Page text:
Annie Case is a Partner at Kleiner Perkins and focuses on investments across consumer technology, digital health, and enterprise software. Prior to Kleiner Perkins, Annie worked in product and business operations at Uber. During her time at Uber, she supported the SVP of operations and helped scale the Uber Eats business to new markets internationally. Annie started her career as a consultant at Bain & Company in San Francisco, where she worked with clients in the technology, private equity, and education practices. Annie graduated from Stanford University with a bachelor's degree in Human Biology and a master's degree in Management Science & Engineering. She was also a member of the Stanford women's soccer team.
Investment focus areas
— Consumer technology
— Digital health
— Enterprise software
Founders with a vision for how the future can be better than the present, an insight around how technology can help shape it, and the determination to see it through.
I was lucky to join Uber and then Uber Eats during periods of hyper growth. It felt like we were transforming cities and changing consumer habits in real time. The feeling of extreme product market fit and scaling was addicting. Through that experience it became clear to me that technology would radically transform not just transportation and food delivery, but every sector on the planet. I knew I wanted to be a part of as many of those stories of transformation and renewal as possible. Through investing, I’m able to spend all of my time with founders who are building the future, and have the opportunity to play any role I can in supporting them in that journey.
Soccer was a big part of my identity as early as I can remember. I started playing on a co-ed team when I was four years old and ended my career with a national championship ring after playing for Stanford throughout college.
We lost twice in the finals before we won. It was a painful experience, but we learned how to pick ourselves up after a crushing defeat, forgive our mistakes, commit to work even harder, and ultimately persevere. That journey holds a lot of similarities to the business of company building. Success is never a straight line, and it requires a combination of work ethic, determination, and resilience. I’m less bothered by the inevitable lows because I know the highest highs can be just around the corner – for me, for my team, and for the founders I work with.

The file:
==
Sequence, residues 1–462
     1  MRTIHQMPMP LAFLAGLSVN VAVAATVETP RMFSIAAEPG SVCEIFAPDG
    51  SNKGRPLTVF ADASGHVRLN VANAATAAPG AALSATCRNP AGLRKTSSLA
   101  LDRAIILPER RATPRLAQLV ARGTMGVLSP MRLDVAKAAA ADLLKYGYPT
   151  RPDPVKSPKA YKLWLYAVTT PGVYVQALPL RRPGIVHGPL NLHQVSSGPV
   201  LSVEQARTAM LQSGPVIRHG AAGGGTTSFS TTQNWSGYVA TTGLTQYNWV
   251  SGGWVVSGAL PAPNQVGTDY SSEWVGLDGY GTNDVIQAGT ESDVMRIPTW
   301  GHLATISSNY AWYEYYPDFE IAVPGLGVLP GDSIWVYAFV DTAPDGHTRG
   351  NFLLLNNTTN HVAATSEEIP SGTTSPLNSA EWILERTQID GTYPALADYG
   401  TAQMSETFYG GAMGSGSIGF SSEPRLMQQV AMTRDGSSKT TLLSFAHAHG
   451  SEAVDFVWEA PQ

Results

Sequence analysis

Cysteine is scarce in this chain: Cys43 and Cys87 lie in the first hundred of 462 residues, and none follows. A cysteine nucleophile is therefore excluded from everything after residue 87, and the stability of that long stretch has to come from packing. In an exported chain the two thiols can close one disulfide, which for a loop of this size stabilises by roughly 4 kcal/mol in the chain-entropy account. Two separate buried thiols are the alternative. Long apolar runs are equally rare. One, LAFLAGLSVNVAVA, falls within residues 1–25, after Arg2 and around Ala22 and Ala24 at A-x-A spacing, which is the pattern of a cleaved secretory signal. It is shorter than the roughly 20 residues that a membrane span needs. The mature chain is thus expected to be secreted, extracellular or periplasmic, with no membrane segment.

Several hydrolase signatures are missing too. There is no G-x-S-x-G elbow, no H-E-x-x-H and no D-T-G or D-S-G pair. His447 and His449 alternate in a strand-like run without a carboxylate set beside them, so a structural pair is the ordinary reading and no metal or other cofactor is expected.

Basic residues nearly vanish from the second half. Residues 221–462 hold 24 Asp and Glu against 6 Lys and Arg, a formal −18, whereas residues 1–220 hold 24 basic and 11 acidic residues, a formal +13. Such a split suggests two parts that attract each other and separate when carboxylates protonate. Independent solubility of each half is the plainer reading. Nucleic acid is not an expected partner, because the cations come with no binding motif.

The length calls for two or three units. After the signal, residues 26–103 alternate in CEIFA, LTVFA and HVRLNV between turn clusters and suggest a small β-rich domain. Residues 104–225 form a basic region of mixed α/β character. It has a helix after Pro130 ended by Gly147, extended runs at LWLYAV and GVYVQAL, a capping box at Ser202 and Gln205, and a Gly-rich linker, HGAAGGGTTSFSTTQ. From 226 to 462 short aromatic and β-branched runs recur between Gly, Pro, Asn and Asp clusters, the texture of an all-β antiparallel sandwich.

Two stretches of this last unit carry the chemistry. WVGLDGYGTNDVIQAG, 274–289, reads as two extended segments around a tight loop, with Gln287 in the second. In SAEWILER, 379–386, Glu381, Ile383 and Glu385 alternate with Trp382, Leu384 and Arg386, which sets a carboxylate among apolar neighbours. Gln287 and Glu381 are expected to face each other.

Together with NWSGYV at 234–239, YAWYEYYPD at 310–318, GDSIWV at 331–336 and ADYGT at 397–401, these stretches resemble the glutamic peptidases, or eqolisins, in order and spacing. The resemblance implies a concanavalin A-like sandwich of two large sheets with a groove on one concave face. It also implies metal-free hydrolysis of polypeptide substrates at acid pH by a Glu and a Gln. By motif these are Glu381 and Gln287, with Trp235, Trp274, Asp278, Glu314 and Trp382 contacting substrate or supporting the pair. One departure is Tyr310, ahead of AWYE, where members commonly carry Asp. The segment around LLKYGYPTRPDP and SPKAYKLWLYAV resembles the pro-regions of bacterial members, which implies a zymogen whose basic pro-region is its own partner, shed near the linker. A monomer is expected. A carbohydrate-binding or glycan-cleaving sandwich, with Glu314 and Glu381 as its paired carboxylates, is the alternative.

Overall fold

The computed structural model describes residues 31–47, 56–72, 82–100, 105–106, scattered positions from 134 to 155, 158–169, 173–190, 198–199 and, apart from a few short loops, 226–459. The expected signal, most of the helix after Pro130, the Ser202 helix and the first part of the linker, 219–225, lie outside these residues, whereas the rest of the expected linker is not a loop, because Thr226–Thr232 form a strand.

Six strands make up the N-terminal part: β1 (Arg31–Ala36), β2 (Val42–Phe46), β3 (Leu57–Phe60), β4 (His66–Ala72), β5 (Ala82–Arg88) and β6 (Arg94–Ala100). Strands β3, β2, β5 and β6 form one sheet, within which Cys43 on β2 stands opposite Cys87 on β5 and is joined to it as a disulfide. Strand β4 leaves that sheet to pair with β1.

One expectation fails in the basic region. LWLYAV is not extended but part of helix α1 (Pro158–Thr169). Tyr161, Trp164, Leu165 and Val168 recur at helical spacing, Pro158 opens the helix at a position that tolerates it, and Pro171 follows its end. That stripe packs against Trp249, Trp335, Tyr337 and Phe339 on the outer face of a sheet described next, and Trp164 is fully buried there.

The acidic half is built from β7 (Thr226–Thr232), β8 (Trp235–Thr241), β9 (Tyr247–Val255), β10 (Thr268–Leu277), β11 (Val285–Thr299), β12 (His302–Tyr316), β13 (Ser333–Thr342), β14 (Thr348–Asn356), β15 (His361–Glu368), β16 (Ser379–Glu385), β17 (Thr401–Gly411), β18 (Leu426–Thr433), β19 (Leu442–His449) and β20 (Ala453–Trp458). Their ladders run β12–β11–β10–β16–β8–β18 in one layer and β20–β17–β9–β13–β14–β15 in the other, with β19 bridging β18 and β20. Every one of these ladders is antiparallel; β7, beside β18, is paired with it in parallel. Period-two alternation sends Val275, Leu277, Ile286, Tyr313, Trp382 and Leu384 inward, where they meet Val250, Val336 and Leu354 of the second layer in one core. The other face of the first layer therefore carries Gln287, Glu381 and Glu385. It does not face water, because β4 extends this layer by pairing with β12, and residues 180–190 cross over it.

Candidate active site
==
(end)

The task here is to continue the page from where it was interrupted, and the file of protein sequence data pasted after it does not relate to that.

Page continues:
When I graduated and hung up the cleats to pursue a career in business, I wondered if I’d ever again be able to experience the joy of working hard for something over many years with people I love, trust, and deeply admire. It’s what fuels me now as I look for the best teams, companies, and leaders, and try to support them on the journey to achieve their dreams. I’m excited to spend the rest of my career seeking that joy again, and finding it in the founders we are so lucky to work with.
I’ve always loved to be active and outdoors. Along the way I also developed a deep appreciation for the relationship between how your body and mind feel, and how you’re able to show up in the world. In sports, I saw the impact that the way you train, fuel, and rest your body has on performance. It became clear to me that a healthy body and mind provide the foundation to everything else. They are so core to our ability to live full, productive, and joyful lives.
On a more personal level, my family lost my uncle to brain cancer when I was young. He was 44. I didn’t fully realize it at the time, but I think my decision to study Human Biology in college, intern in a neurology research lab and later at Rock Health, and ultimately find my way into investing in many healthcare businesses is in a major way shaped by that experience in our family. I know that tomorrow is not guaranteed, and I want to spend my finite days on this planet helping others live happier, healthier lives.